A Farmland Bustard Conservation Approach
Most bustards love grassland. Protecting the bustards’ last remaining grassland habitat is the best thing that we can do for them. Maybe you work somewhere where bustards still have vast areas of grassland in which to breed and feed, if so, then that’s fantastic! Make sure you get it protected, and maintain it so that it remains as grassland.
Unfortunately, in countries like Cambodia, almost all the grassland has been converted to agriculture, in fact most of the remaining areas of grassland are actually long-term rice fallows. Wild ungulates that previously maintained grassland are long gone. Like in Europe, bustards persisted for centuries because farming methods practiced were low intensity and coincidently created conditions that mimicked natural grassland. However, over the past two decades farming methods have changed. Agricultural intensification has changed the way that farmers grow the rice, and created habitat that Floricans cannot use.
We first secured remaining areas of grassland in protected areas. But these were too small for the Bengal Florican. We needed to find a way for bustards to persist in farmed lands over a much larger area. Over the past decade, with support of Critical Ecosystem Partnership Fund and a range of other donors, we developed a farmland bustard conservation approach. The situation in Cambodia is extreme, but it may not be too different to the situation in the place where you work. We have made a video about this so that we can share with you what we’ve learned about working with farmers to conserve bustards. We hope that you find it helpful, let us know on the forum!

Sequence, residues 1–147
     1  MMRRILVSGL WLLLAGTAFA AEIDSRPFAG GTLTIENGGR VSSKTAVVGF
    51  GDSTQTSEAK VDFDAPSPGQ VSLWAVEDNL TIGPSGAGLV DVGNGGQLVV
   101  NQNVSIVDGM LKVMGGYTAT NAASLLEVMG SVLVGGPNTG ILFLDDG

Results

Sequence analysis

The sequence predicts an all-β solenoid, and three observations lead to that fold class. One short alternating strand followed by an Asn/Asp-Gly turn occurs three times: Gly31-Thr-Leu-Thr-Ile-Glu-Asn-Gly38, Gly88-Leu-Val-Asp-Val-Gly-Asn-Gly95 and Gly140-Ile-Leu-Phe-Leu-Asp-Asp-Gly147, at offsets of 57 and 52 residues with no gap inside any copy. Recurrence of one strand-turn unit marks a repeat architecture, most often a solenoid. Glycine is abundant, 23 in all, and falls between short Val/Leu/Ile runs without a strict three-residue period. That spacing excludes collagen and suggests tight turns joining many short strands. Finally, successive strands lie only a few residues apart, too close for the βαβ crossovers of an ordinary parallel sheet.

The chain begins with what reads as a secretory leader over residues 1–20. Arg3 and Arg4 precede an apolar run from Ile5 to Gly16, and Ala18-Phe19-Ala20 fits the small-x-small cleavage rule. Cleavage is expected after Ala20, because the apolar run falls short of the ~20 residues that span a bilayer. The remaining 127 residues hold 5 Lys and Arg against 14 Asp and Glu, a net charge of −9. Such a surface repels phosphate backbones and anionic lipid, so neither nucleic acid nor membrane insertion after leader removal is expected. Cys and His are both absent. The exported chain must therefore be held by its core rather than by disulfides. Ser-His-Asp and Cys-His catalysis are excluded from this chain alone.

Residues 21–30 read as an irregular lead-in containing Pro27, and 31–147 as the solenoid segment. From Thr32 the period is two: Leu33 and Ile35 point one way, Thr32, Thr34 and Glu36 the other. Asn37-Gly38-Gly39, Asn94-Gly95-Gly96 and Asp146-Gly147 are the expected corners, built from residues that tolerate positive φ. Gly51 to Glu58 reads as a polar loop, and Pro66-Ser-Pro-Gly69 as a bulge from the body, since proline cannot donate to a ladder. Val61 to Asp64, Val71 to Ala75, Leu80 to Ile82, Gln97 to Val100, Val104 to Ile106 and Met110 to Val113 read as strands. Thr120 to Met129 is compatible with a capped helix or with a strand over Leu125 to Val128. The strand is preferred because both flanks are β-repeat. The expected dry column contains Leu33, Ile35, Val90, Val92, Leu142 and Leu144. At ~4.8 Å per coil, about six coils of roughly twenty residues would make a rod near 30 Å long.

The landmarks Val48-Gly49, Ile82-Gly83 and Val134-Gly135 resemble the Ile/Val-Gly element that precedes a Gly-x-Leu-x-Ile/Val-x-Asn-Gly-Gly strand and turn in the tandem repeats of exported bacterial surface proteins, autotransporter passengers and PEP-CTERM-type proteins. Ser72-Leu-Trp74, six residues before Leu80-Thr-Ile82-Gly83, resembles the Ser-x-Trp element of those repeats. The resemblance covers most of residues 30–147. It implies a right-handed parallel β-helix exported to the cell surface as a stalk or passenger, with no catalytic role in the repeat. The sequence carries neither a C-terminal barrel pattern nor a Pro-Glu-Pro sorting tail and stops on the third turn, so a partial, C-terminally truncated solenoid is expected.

The details of how to work with farmers will vary from location to location (such as which crops or cropping system offer a combination of farmer benefits and bustard benefits are critical to get right). What works in Cambodia may not work in other locations, but the general principles will hold true. We first recommend understanding what habitat your bustards need at different stages of their life cycle, then finding out what constrains and motivates farmers, and investigating what the market wants. You’ll need people with specialist expertise: ecologists can’t do everything! Then bring this all together and create a theory of change that enables you to work towards your goal of creating suitable habitat for bustards in farmland. We urge you to move fast, because bustards can decline rapidly and farming methods can change equally fast! Test things out, get them wrong, change things and keep trying.
Farmland Bustard Conservation Approach in Cambodia
In Cambodia, Bengal Floricans are declining rapidly in line with rates of grassland loss. In the video below, three of our team introduce you to the specific situation in Cambodia and what we are doing to try and prevent the extinction of Bengal Florican.